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Leader of the NSW Nationals Dugald Saunders speaks with a representative of the timber industry at the Coffs Harbour Hardwoods in Glenreagh during his visit to the Clarence Valley last week. Image: contributed

Power pole transition plan sparks concerns

Emma Pritchard

A decision by an electricity network which covers more than 90 percent of the state to phase out hardwood power poles in favour of composite poles made from resin and fibreglass has sparked community concerns amidst allegations the transition will increase power bills, further exacerbating financial pressures during the ongoing cost-of-living crisis, as well as compromise the timber industry.

After receiving approval from the Australian Energy Regulator at the end of April following a detailed examination of their submission, Essential Energy announced they will replace 2200 hardwood power poles per year across bushfire prone areas and install approximately 9000 composite poles each year as new installations or end of life replacements.

In a statement released last week, a spokesperson for Essential Energy said the decision to use composite poles has been years in the making, adding the switch will provide many benefits to customers including a reduction in supply interruptions and shorter outage times due to the composite poles being immune to termite damage and resistant to decay caused by wet weather and natural degradation.

Composite poles are also non-conductive, making them more resilient against lightning strikes, and safer and faster to transport and install, especially in difficult to access locations as a consequence of their light weight.

The spokesperson said composite poles have a longer life expectancy compared to hardwood power poles and they are also fire resistant.

“Reducing the impact of natural disasters on customers is a key driver behind Essential Energy’s business decisions,” they said.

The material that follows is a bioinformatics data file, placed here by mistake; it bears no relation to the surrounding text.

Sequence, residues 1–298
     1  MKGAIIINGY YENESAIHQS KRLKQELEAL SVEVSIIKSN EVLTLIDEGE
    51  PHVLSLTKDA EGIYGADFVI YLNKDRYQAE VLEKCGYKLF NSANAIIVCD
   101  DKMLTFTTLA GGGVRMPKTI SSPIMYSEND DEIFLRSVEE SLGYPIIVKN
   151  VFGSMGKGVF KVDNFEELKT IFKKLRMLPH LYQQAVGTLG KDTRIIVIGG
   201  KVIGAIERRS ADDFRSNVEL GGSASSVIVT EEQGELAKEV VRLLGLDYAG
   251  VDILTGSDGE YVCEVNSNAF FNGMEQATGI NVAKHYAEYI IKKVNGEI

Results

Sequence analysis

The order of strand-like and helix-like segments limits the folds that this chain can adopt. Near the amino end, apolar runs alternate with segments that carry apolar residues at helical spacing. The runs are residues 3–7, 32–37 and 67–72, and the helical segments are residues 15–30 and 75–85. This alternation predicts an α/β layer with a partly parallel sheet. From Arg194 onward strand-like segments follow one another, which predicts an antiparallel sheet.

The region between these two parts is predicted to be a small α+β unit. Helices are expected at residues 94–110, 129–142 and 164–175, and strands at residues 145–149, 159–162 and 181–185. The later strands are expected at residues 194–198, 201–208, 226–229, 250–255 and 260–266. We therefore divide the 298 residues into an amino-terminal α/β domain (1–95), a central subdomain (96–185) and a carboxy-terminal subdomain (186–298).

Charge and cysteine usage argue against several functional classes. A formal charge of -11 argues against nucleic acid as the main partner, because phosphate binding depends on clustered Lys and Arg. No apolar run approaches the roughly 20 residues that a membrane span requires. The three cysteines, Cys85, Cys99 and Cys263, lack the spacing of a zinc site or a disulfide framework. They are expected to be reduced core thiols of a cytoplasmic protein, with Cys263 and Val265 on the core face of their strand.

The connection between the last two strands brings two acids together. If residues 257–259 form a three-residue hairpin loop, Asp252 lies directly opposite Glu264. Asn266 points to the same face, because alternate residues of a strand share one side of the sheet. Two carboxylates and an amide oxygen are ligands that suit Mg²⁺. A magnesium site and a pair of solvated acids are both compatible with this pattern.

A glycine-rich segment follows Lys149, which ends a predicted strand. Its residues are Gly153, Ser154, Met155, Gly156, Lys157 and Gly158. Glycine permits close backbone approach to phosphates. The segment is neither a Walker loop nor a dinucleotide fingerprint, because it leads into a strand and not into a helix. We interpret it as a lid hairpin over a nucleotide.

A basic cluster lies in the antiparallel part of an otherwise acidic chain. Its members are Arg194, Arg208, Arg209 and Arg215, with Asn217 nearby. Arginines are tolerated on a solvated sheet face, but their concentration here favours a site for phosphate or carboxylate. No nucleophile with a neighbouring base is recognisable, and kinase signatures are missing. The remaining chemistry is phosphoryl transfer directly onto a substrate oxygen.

“Impacts to customers during these events can include loss of vital communication links, prolonged power outages, and the cost of replacing power poles that are destroyed.

“As part of Essential Energy’s five-year regulatory cycle, the organisation undertook extensive consultation with customers across NSW, in line with the expectations of our customers and the Australian Energy Regulator. 

“We also consulted with our pole suppliers and Forestry Corporation of NSW across a range of topics including composite poles.

“Among the costing options presented to customers, one included proactively replacing existing timber poles with composite poles in some high-risk bushfire areas, including those that service vital telecommunications infrastructure in often very remote areas.

“Customers across the Essential Energy network area unequivocally and consistently supported this option.”

While the decision has frustrated representatives of the timber industry, Leader of the NSW Nationals Dugald Saunders and Member for Clarence Richie Williamson are calling on the NSW Labor Government to reverse the decision of the state-owned corporation.

Mr Saunders and Mr Williamson joined Deputy Leader of the Nationals Gurmesh Singh and Member for Oxley Michael Kemp during a visit to Coffs Harbour Hardwoods in Glenreagh on June 26 to meet with industry representatives who claimed the decision to phase out hardwood power poles would have major repercussions on their respective businesses including threats to local employment numbers.

Describing the timber industry as being “hard done by” in the aftermath of the recent announcement by Essential Energy, Mr Saunders also voiced his concerns regarding the carbon emissions required to manufacture the composite poles.

“Not only will this untested product be worse for the household budget by adding to power bills, but it will also be worse for the environment by increasing our carbon footprint,” he said.

Mr Williamson and Mr Saunders have also called upon NSW Minister for Energy Penny Sharpe to intervene to prevent a further increase in power prices, and to provide certainty to the timber industry

Last month, the NSW Nationals party room passed a resolution, reaffirming its support of the timber industry.

The agreement endorsed all responsible and sustainable harvesting measures, while opposing transfers of productive state forest to national park without strong scientific justification of improved outcomes.

Mr Williamson said the current reduction in timber supply is a direct result of the Minns Labor Government’s decisions.

“All of the shutdowns we’ve seen over the past six months or so have been caused by this government letting the timber industry down,” he said.

“It needs to do better to stand up for our regional workers and businesses.”

The Essential Energy spokesperson revealed the Australian Energy Regulator’s decision was driven by insufficient quantities of timber poles suitable to meet the needs over the 2024-2029 regulatory period.

“This was also discussed with senior representatives of pole suppliers in August 2023,” they said.

“Essential Energy’s move to introduce more composite poles will cost an average residential customer less than $2 per year over the next five years.

“Composite poles are a proven technology.

“They are a locally manufactured product, and manufacturers are 100 percent locally owned in NSW and Queensland.”

The transition was effective from July 1.